My stomach has been in knots for weeks.
Fires. Hurricanes. Earthquakes. Acts of Violence. Sexual harassment.
Human suffering is never easy to swallow, but the amount we’ve seen just in this last month is a lot to process all at once. Understandably, anxiety levels are high. Nowadays, news is everywhere. It’s important to stay informed, and burying your head in the sand is not a viable option. So how does one stay up-to-date without gutting his/her health?
The first step is to acknowledge how it’s impacting you, noting your body’s reactions (which can be physical such as acid reflux, and/or emotional such as moodiness), and put action steps in place to maintain your health and sanity.
According to a 10/13 NY Times article, we are experiencing disaster fatigue and our mobile devices aren’t helping. Studies show some three out of four people check their smartphone before going to bed and shortly after waking up in the morning, (and) it’s getting harder not to feel overwhelmed.”
Evaluating your typical media consumption routine, and committing to a “media diet” will reduce the toll on your well-being.
Imagine watching a horrific movie right before going to bed, and then expecting to sleep soundly. Compound that with the “blue light” given off by electronic devices, which reduces melatonin levels (the sleep hormone), and you’re screwed before you even close your eyes.
That’s the equivalent of spending the whole day reading, discussing and posting about the most recent agonizing story, slipping into bed while checking the latest headlines on your smart phone, and then trying to drift off to sleep. Oh, and don’t forget checking again to see what happened upon waking, before even hopping out of bed. And that doesn’t even count the “alerts.”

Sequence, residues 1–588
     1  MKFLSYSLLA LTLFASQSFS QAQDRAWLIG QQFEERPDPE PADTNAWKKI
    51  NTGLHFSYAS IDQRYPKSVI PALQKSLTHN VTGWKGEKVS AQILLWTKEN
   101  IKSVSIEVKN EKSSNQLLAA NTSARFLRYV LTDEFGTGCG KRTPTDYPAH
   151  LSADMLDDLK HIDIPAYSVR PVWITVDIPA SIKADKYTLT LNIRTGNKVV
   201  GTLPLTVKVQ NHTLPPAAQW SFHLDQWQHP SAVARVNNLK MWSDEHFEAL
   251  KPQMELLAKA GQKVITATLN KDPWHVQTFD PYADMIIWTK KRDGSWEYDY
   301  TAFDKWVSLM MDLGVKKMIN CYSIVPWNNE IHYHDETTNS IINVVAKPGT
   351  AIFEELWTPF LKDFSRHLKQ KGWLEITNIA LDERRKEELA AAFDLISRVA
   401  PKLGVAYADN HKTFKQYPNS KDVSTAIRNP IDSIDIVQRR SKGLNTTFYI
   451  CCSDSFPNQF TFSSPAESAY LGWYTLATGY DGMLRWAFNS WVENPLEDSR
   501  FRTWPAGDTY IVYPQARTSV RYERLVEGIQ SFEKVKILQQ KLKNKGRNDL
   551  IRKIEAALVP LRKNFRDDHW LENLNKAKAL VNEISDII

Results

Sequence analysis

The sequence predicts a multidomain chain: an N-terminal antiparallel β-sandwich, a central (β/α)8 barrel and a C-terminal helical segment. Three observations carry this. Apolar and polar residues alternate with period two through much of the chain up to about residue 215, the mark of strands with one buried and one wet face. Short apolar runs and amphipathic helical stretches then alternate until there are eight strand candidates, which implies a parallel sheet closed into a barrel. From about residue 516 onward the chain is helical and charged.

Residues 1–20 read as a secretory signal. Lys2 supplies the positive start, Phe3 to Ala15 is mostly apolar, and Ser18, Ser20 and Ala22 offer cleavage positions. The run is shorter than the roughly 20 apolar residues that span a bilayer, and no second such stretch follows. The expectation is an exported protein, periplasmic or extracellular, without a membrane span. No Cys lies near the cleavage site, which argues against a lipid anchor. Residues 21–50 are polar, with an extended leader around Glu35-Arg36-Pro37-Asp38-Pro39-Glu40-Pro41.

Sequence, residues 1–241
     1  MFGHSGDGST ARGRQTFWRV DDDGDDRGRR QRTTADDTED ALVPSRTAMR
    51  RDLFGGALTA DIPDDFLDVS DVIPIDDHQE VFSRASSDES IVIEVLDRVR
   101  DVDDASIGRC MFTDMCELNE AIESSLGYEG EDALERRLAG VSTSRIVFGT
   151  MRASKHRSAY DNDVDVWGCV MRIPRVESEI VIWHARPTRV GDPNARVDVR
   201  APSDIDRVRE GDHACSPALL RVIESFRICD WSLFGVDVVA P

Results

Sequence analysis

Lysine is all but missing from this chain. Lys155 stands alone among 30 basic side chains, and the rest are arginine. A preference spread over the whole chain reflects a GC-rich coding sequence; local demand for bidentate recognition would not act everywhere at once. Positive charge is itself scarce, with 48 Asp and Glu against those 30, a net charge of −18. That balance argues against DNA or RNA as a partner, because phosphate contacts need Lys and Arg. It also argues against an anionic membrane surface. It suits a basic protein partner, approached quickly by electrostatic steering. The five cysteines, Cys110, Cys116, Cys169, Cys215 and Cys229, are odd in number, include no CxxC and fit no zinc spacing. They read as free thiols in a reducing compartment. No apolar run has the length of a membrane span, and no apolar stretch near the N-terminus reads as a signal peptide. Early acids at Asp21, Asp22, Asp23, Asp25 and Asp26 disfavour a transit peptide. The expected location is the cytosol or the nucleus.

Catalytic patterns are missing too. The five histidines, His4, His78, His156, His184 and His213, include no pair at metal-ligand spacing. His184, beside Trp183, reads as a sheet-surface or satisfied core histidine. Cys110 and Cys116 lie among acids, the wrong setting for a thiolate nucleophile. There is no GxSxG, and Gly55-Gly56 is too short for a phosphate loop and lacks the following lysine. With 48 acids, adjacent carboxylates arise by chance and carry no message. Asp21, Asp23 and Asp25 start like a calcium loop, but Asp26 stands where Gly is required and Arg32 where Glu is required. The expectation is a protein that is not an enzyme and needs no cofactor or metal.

According to the NYT article, “The average person checks their phone some 150 times a day. And that constant connection wires us to want more.” It’s like trying to eat just one potato chip – you just can’t.
Commit to some small changes to balance your media intake and support your health during these difficult times:
- Reduce automatic alerts – on top of everything else, you do NOT need your phone buzzing every few moments. This is called a “push” technique where the alert gets pushed out to you. Don’t “allow” notifications and instead employ “pull” techniques and check for updates on your terms and time, when you’re in the best mindset to digest information.
- Set an alarm – limit the amount of time you spend perusing the media. If you get sucked down a rabbit hole, the alarm will pull you right back out.
- Turn the darn thing (briefly) off – I realize the notion of stepping away from your device might send you right into a panic, but put your phone on airplane mode while you sleep, or leave it in a drawer while you run an errand. The freedom from connection, even just for a short period of time, allows your mind room for creative thought, feels amazing, and you will return with more focus.
- Focus on good news –Train your mind to look for the good instead of thriving on the bad. Similar to a gratitude practice, write down three good things that happen every day. Consult apps like Upworthy, engage in an act of kindness, get a laugh from animal videos or these Awkward Family Photos to inspire you.
- Socialize – nothing like spending time with loved ones to put some wind in your sails. Just place a moratorium on discussing heavy news for at least half the time. Go ahead, make a date with someone now!
- Practice self care – you know what makes you feel good. A workout? Meditation? Good book? Cleaning? Massage? Music? Whatever it is, put that anxious energy to good use and set aside time for YOU to do something nice for yourself.
I wish I had a magic wand to make any suffering go away. But life is not a fairytale and we face serious issues today, many outside of our control. It’s natural to want to help those in peril and definitely do so when you can. Volunteer, donate, write notes, and/or be a part of change. But when that is not realistic and you feel helpless and anxious, be compassionate with yourself and others. Put mechanisms in place to influence things you can control, like your media diet. Small changes make big differences.
Marjorie, Chief MOJO Maker™